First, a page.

Two Defining Days For Donald Trump

Alan Zendell, August 23, 2017

The past two days tell us all we need to know about the Trump presidency. On Monday he gave a speech at a military base in Virginia to lay out his policy on Afghanistan. On Tuesday he held a boisterous, populist re-election campaign rally in Phoenix. We saw two distinct versions of Donald Trump that reinforced everything we already knew about him.

In Virginia we saw the disciplined teleprompter Trump read a carefully crafted speech, though it was clearly not the speech his team wanted him to deliver. It was supposed to be about getting out of the quagmire of a sixteen year war whose cost is now in the trillions, not counting the personal cost to American families, with nothing positive to show for it. But anyone who’s been paying attention to this presidency could read the subtext Trump demanded beneath the main message.

He spent the first five minutes trying to repair his image on bigotry and race relations and the last five telling his military audience how wonderful they were. That last part might have been appropriate if it hadn’t been laid on so thick that it became saccharine to the point of being embarrassing, more so because of the lengths Trump himself went to, to avoid military service. And throughout, you could almost hear another voice saying, “Look how presidential I can be.”

To be fair, he pulled it off pretty well, and if there hadn’t been a clear sense of an invisible leash around his neck forcing him to behave, it would have been believable. His stiff body language was like a little boy forced to dress up for church pulling at his collar. So it was no surprise that little boy Donald discarded his presidential persona as soon as he could and headed for Phoenix, despite most of the political establishment, including that city’s mayor asking him not to. Nothing, not even the solar eclipse of the century could have kept the narcissistic Donald from getting his ego fix.

Donald Trump is an addict. Without the cheering crowds like the one in Phoenix he wouldn’t be able to function at all. Like any good reality TV star he’s a master of illusion, which in his case includes self-delusion. Pack a few thousand true believers into a crowded convention center, throw them lots of red meat to feed their baser instincts, and Donald can believe for a couple of hours that everyone else thinks he’s as wonderful as he does. That’s what Tuesday’s rally in Phoenix was about, and it was a sickening thing to watch for anyone who cares about the institution of the American presidency.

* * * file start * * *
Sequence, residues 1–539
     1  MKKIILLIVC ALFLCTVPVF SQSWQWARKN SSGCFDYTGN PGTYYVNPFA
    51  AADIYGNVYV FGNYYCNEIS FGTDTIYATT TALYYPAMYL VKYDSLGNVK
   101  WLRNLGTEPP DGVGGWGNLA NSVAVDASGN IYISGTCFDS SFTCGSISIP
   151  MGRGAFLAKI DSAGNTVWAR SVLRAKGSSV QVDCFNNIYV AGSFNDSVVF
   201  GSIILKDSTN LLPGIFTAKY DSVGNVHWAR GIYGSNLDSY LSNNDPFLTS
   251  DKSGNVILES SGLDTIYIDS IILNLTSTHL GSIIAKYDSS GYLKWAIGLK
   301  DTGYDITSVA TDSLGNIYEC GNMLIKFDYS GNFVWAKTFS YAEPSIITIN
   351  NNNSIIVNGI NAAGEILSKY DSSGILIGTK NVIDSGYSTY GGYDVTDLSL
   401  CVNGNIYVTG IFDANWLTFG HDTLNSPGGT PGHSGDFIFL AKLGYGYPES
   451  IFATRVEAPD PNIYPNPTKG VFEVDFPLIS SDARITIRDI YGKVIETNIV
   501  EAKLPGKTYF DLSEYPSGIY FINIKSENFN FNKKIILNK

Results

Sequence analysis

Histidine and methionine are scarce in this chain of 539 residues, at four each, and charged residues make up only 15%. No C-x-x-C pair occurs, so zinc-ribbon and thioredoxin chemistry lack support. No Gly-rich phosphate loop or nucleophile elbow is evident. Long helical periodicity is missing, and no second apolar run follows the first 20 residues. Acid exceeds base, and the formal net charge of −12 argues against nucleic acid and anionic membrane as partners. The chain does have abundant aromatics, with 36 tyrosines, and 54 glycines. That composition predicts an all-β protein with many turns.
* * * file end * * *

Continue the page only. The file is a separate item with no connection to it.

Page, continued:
Back was the Trump who congratulated himself on being the most productive president in history aside from having nothing to show for his campaign promises except a slam dunk Supreme Court appointment which had been greased by the Republican-controlled Senate. Back was the candidate Trump who never met a fact he couldn’t distort or outright fabricate. Back was the classless buffoon that makes most of America cringe. And back was the self-made caricature of a man not even remotely suited to hold the office, showing us in living color how he got there.

All this while his presidency continues to unravel, on a day when the normally staid Senate Majority Leader let it be known that he doubted it was salvageable. And a week after Bob Corker, one of the most solid conservative pillars of the Senate, publicly doubted both the president’s competence and stability. It was all summed up this morning by former director of National Intelligence James Clapper, who questioned Trump’s fitness as president and described his access to the nuclear codes as “pretty damn scary.” He painted a frightening picture, saying that if Trump, in a fit of pique, decided to use nukes to take out Kim Jong Un, there wouldn’t be much anyone could do to stop him.

Trump has been deserted by the business community who were supposed to be his allies in search of greater profits and lower taxes. His approval numbers drop every week, and in the three states he most likes to brag about, Pennsylvania, Michigan, and Wisconsin, only a third of the people approve of his behavior and significantly more than half describe him as an embarrassment. How could it be otherwise when our president cannot appreciate how the spectacle of events like his Phoenix rally diminish his office and cause most of the country to shake their heads in dis belief?

How did we come to this? Those of us who complacently sat back and watched it happen, those who chose not to vote for either candidate, and those who voted for him because he promised to fix a broken political system know. We let the showman/poseur fool us once. Shame on us if he fools us twice.

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